What do sugaring, hand-made t-shirt designs, and an eight-foot bench have in common? This spring eleven students in the Science, Technology, Engineering, Arts and Mathematics,(STEAM) program tapped sugar maples, designed t-shirts and built a wooden bench as part of their course curriculum.
The sugar makers tapped just three trees, each with two buckets, and we had more sap than our school day hours could handle! The students collected and boiled the sap in the cafeteria and in the Family & Consumer Science room. With help from Mrs. Jones, a few students monitored the boiling throughout the day and we eventually boiled it a little too long….however as you sugar makers know, boiling too long also rewards you with a tasty treat, maple candy! The candy came out tasting delicious and the students were proud and pleased to have created a product from start to finish.
After sugaring season, STEAM students worked diligently on designing t-shirts and a wooden bench for the school tennis courts. The students researched clothing styles they liked, and then created designs that were meaningful for them. Next, they had to figure out how to use iron-on transfers. This process turned out to be more complex than we’d thought, but a few ‘pioneers’ mastered the process and then taught it to their peers. The results were personalized t-shirts with carefully hand-drawn designs. Students put together presentations sharing where their inspiration came from and how they could market their product in the real-world.
The 6th annual English Language Camp for visiting Chinese middle school students will be held at Leland and Gray this summer from Sunday, July 19 ‘til Thursday, July 30. Many host families and dozens of area students have participated in lots of fun events each year; picnics, marching in the Wardsboro July 4 Parade, square dances, language games, college visits, trips to the mall, hikes in the State Park, frolicking in the brook with Bruce Whitman and gondola rides to the top of Stratton are just a few of the activities that have taken place and are planned for this summer. Students in grades 7 -12 are invited to participate in the 11 days of fun-filled action as they become acquainted with their peers from the other side of the world.
Families who might be interested in hosting two boys or girls for the 11 days are encouraged to email or call Tom Connor, Camp Director, for details.
July 4, 2014 Wardsboro Parade First Place Contingent
TOWNSHEND The Leland and Gray Players close their 19th season May 28-30 with the zany farce and slapstick of Commedia dell’arte in Carlo Goldoni’s The Servant of Two Masters.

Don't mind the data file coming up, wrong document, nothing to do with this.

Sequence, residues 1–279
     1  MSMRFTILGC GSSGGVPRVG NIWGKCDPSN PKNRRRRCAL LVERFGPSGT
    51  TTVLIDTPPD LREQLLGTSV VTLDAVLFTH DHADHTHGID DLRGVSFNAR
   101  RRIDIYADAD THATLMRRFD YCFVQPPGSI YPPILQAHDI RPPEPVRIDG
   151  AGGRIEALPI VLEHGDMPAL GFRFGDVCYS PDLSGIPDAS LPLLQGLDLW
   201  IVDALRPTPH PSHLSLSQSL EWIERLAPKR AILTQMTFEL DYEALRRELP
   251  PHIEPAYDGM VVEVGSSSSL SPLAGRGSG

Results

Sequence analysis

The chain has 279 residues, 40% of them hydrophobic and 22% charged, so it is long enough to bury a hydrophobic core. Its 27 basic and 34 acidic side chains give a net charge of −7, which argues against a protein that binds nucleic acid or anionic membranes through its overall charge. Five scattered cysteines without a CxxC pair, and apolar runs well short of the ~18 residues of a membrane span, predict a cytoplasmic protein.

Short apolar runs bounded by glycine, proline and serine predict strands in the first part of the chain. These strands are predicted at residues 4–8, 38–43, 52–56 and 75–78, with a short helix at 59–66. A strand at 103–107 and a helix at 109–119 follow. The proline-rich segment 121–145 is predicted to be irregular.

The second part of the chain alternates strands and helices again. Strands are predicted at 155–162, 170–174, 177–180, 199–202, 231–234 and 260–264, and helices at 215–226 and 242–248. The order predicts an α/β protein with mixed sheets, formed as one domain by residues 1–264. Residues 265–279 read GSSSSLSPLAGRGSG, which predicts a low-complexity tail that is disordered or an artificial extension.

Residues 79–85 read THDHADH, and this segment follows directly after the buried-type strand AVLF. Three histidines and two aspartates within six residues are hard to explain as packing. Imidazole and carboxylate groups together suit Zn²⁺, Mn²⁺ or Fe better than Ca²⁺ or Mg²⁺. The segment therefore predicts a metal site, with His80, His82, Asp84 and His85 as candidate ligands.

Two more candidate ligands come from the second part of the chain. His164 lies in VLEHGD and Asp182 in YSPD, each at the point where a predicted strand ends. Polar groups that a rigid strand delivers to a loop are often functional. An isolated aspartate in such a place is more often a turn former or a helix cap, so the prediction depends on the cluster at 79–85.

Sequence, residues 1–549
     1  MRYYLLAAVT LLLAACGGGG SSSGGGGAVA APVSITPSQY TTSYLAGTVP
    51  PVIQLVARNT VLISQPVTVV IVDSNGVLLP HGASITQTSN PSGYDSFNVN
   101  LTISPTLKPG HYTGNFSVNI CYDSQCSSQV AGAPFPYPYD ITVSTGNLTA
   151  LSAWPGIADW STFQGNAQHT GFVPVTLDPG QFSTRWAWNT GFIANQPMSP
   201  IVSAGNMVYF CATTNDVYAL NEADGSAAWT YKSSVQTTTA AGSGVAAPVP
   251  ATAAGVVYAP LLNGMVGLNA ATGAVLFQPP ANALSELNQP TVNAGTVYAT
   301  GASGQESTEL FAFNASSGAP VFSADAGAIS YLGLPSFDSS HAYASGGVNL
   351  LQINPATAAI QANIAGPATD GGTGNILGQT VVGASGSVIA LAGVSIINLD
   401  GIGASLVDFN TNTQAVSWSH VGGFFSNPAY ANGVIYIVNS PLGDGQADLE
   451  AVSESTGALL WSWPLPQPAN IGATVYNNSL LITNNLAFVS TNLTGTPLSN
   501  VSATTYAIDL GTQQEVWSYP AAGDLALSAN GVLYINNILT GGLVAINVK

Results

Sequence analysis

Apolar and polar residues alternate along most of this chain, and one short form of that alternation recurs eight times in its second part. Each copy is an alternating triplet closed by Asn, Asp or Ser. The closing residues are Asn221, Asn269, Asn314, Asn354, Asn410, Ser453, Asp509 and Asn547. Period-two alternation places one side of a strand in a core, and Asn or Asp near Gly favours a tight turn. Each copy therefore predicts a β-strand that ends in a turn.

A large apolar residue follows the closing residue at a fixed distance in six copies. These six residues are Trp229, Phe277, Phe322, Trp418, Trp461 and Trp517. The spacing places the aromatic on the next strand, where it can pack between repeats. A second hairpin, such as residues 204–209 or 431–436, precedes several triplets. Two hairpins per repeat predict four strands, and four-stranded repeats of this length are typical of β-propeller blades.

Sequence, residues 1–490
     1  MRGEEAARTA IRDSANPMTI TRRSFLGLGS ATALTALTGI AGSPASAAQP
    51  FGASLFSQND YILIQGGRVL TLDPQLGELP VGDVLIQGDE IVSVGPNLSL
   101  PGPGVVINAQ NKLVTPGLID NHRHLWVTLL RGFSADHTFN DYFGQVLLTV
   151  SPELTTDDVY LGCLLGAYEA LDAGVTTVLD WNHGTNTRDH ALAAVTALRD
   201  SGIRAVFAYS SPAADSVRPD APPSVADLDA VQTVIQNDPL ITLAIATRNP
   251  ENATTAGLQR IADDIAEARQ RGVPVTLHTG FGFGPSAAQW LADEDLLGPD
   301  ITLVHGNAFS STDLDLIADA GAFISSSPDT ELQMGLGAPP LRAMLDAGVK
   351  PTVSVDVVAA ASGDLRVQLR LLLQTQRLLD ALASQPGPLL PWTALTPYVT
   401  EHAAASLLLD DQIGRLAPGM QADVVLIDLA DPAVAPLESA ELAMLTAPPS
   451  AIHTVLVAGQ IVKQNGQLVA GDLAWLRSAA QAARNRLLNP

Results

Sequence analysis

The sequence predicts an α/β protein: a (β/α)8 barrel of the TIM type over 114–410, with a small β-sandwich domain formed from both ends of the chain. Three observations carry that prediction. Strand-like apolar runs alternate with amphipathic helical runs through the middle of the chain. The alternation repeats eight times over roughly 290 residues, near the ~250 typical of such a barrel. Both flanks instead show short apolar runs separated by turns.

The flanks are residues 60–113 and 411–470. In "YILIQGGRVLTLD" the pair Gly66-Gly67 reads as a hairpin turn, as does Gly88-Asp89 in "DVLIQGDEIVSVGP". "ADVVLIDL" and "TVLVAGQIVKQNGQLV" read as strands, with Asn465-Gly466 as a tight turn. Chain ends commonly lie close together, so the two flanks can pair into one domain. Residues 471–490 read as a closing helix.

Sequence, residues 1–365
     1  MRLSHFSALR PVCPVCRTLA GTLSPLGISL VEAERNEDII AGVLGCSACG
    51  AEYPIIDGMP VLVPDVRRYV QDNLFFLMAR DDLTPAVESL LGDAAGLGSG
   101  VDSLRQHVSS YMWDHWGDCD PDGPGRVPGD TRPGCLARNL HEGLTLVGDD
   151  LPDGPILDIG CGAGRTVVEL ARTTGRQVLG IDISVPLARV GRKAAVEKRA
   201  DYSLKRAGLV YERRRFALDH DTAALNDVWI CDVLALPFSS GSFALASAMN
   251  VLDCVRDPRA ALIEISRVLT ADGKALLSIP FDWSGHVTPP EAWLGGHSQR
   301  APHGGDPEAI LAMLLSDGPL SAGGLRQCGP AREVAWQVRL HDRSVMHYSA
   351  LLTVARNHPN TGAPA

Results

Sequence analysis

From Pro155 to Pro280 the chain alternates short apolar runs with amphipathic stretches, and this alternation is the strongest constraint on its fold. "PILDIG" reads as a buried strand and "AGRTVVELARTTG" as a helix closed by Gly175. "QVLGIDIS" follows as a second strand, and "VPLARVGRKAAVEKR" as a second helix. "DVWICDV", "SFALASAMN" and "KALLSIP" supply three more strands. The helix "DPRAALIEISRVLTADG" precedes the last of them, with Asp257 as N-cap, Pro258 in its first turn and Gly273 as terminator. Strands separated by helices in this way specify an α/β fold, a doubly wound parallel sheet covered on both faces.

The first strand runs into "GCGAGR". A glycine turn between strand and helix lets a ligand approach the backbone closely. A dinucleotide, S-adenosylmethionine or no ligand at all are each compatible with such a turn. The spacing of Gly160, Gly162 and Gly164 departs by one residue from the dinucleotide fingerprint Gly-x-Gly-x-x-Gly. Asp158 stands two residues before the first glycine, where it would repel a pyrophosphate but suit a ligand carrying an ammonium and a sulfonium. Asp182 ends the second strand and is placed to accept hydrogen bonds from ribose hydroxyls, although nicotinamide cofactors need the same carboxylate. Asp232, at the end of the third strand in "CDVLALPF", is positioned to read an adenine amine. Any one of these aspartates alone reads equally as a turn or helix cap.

In a madcap Italian comedy of love, disguise, duplicity and dueling --adapted for today by Jeffrey Hatcher and Paolo Emilio Landi-- betrothed couple Silvio and Clarice are devastated when a previous fiancé reappears, back-from-the-dead. In this farce people, places and things are not what they seem – disguises, traps and trickery produce a whirlwind of mass confusion. At the center of the farcical romp is Truffaldino, the scheming – and perpetually hungry – servant who lands on a crazy way to double his wages (and his meals) by serving two masters at once.
Commedia dell’arte from 16th century Italy descended from Greek and Roman comedy and is granddaddy to some of the best loved comedy of the last 100 years: Second City, Lucille Ball, Charlie Chaplin, Harpo Mark, SNL, the Simpsons, Daily Show and a boatload more. As the improvisational and physical comedy of the commedia grew increasingly popular, it became less impromptu street theatre and more of an “art” involving trained performers. Traditionally, many of the laughs were generated by ridiculously stupid, bumbling—often grotesque-- characters. When women were eventually allowed into commedia troupes, they rebelled against the demand that all characters be buffoons, so they injected cleverness and intrigue into plots that had otherwise relied only on slapstick. The physical humor remained, but was heightened by the contrast of the bumblers with their savvier counterparts as we see in Goldoni’s 1743 play.
Noted portrait artist Kate Gridley, whose exhibit “Passing Through: Portraits of Emerging Adults” recently appeared at the Brattleboro Museum and Art Center, will talk about her exhibit and show slides at Leland and Gray High School in Townshend on Monday, May 4th at 6.30 pm. Students from The Compass School and Leland and Gray High School will join the artist to share their own emerging voice pieces much as the young adults Gridley painted did.
Gridley’s portraits of 17 young adults accompanied by their words has traveled throughout New England and has spawned an entire curriculum aimed at giving voice to people between the ages of 15 and 25. The six students joining her are budding poets who worked with local author Elayne Clift in preparing for this event.
Known for her insights into human character, the quality of light in her work, and her painting technique Gridley, who studied in Italy, lives in Middlebury, Vt.
“I see a world in which emerging adults who are between adolescence and full fledged adulthood, from all walks of life, are recognized, honored and supported to fulfill their human potential. The portraits mark moments in which my subjects transition to realizing their selves and claim their voices,” Gridley says.
This event is open to the public. There is a suggested donation of $5.00 to cover costs.